From the Caldwell Journal, October 11, 1883:
"M. H. Bennett, treasurer of the Cherokee Strip Live Stock Association, returned on Friday, having completed his mission of paying over to the treasurer of the Cherokee Nation $50,000, being the amount due on the first semi-annual payment on the lease of the Strip.
One week ago last Friday morning, Mr. Bennett commenced receiving the money from the members of the Association, and before night had taken in over $80,000. On Saturday morning, accompanied by City Marshal Henry Brown, he started for Kansas City, where he had a check cashed, and expressed the money to Muskogee, he and Brown going on the same train. Arriving at Muskogee, Mr. Bennett could not find anyone to identify him at the express office, and had to drive over to Tahlequah, where he found Judge Geo. O. Sanders. The latter returned with him to Muskogee, where the cash was received and taken to Tahlequah. The distance between the two places is about 35 miles, over a road none the best, and lined on each side with brush a good portion of the distance. Milt says the trip is the most disagreeable one he ever made in his life, and nothing could induce him to repeat the experience. Notwithstanding the assurance he received that the road was perfectly free from all highwaymen or would-be robbers, all the time he was on the road, a suspicion prevailed in his mind that a half dozen men were liable to jump out of the brush at any time and compel him to throw out the grip containing the money.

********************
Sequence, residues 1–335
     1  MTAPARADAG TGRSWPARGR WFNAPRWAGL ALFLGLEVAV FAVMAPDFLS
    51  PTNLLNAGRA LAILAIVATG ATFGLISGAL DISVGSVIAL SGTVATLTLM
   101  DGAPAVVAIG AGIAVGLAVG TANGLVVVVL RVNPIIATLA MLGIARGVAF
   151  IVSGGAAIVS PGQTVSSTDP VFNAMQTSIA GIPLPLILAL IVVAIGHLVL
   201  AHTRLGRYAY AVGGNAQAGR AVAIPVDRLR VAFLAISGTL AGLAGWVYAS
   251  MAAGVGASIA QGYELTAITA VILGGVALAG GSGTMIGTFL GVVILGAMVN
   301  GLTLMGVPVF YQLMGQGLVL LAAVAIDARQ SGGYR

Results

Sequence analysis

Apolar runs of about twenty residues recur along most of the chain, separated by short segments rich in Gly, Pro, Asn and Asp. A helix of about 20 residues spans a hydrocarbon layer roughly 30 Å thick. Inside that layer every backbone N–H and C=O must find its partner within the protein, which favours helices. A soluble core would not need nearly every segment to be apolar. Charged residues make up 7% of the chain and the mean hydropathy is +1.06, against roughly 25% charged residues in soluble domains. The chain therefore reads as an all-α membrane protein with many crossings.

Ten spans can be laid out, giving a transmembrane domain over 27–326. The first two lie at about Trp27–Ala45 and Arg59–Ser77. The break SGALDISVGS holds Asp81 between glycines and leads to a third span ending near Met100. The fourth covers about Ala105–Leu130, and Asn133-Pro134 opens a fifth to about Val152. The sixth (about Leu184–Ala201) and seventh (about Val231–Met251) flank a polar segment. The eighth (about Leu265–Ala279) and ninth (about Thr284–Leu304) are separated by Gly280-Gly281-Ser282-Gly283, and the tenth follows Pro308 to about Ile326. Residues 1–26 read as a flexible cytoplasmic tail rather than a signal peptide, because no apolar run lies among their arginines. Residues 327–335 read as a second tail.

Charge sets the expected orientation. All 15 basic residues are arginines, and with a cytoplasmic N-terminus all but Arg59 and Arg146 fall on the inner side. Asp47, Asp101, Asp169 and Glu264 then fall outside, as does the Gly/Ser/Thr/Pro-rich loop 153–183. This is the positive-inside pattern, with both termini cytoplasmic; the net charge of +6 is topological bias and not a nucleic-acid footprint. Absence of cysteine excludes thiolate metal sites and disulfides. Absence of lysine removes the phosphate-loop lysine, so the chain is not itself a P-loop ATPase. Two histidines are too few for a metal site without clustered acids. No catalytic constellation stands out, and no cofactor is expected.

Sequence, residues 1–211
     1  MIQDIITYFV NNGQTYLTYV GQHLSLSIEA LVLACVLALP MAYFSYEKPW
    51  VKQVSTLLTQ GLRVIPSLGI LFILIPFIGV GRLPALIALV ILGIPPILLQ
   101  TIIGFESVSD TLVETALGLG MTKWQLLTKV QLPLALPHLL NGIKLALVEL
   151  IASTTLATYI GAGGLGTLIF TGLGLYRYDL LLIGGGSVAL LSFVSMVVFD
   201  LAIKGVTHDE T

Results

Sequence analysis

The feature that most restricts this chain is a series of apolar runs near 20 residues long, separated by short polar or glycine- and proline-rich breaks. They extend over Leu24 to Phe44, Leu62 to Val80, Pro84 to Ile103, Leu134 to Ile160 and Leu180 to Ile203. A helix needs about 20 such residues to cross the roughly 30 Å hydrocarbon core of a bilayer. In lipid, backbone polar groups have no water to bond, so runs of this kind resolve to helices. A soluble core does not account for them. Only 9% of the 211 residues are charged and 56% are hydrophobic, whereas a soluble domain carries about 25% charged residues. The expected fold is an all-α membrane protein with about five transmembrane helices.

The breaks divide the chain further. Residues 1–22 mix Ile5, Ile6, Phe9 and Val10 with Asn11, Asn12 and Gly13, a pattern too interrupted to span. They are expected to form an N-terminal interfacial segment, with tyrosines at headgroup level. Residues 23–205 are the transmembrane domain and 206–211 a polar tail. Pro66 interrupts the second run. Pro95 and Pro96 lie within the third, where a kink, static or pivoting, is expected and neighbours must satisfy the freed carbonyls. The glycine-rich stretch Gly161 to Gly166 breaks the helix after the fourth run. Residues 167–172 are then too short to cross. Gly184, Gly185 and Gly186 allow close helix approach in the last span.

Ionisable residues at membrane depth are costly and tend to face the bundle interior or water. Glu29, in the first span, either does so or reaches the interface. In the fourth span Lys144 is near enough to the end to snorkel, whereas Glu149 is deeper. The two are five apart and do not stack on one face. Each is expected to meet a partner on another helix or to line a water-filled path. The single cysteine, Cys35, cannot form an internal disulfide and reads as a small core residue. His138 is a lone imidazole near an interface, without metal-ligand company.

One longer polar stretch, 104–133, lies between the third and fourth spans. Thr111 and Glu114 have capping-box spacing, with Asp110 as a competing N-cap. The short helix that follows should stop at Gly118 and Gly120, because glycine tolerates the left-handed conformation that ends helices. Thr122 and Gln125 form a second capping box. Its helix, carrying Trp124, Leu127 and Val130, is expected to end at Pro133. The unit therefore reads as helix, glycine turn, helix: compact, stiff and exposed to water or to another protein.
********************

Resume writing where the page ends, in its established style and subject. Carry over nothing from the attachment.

The provision in the lease requiring the Association to pay the lease money in cash at the Capital of the Nation is a very foolish one, because the money has to be sent to St. Louis, where it is kept on deposit for the benefit of the Nation. It might just as well be paid in St. Louis at first, thus saving an expense to the Association, and also to the Cherokees."
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